And finally, you can *carefully* position the cursor a little to the right of the D-column separator so it looks something like this:

then drag to the right which will reveal column D!

Lastly, suppose you have text like this:

And you want to widen column C so it all fits. There are a few ways to do this. You can drag the column separator between C and D to the right and visually adjust it. You can *double-click* the column separator which does a “best-fit” for the longest cell in that column. Or you can select a few cells (vertically or horizontally) or the entire column, and use Home/Format/AutoFit Column Width:

Enjoy!

[trx_infobox style=”regular” closeable=”no” icon=”icon-desktop”]Learn more about IIL’s Microsoft Excel training >> [/trx_infobox]

**Bob Umlas** has been voted an “MVP” (Most Valuable Professional) by Microsoft each year since 1994 for his contributions to Excel online forums and he is known world-wide for his expertise. As an MVP, he meets yearly with fellow MVPs at Microsoft’s headquarters in Redmond, where he has access to the product developers. He has also been a beta tester for new versions of Excel since version 1.5 and is the author of several books including *This isn’t Excel, it’s Magic!* (available on the IIL Bookstore), *Excel Outside the Box*, and *More Excel Outside the Box*.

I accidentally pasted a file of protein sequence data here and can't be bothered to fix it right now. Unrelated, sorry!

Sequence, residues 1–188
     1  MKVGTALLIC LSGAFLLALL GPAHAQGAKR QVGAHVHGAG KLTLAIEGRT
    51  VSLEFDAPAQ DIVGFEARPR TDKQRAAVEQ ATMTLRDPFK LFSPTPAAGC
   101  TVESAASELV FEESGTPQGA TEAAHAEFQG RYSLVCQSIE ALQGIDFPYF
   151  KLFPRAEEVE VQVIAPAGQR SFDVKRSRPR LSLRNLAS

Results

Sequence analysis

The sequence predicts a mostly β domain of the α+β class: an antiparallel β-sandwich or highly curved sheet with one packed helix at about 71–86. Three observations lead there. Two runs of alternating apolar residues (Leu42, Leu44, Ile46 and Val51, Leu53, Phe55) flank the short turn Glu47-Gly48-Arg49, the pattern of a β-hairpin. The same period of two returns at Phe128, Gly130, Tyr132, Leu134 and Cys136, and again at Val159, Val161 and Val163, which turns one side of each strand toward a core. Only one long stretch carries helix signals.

### Excel’s JUSTIFY Command

#### By Bob Umlas, Excel MVP

Have you heard of the Justify command? Let’s take a look at it here.

Suppose you have the data below:

and you’d like to make it look like this:

You may not know that Excel has this ability already built-in! It’s called the Justify command, found on the right side of the Home tab:

What this feature does is reflow text. To use it, you have to make a specific selection first. In the above example, the selection had to be A1:C3 or longer (A1:C4, A1:C100, etc.):

From this selection, issuing the Justify command would reflow the text.

You could have selected just columns A and B and reissued the same command for this result: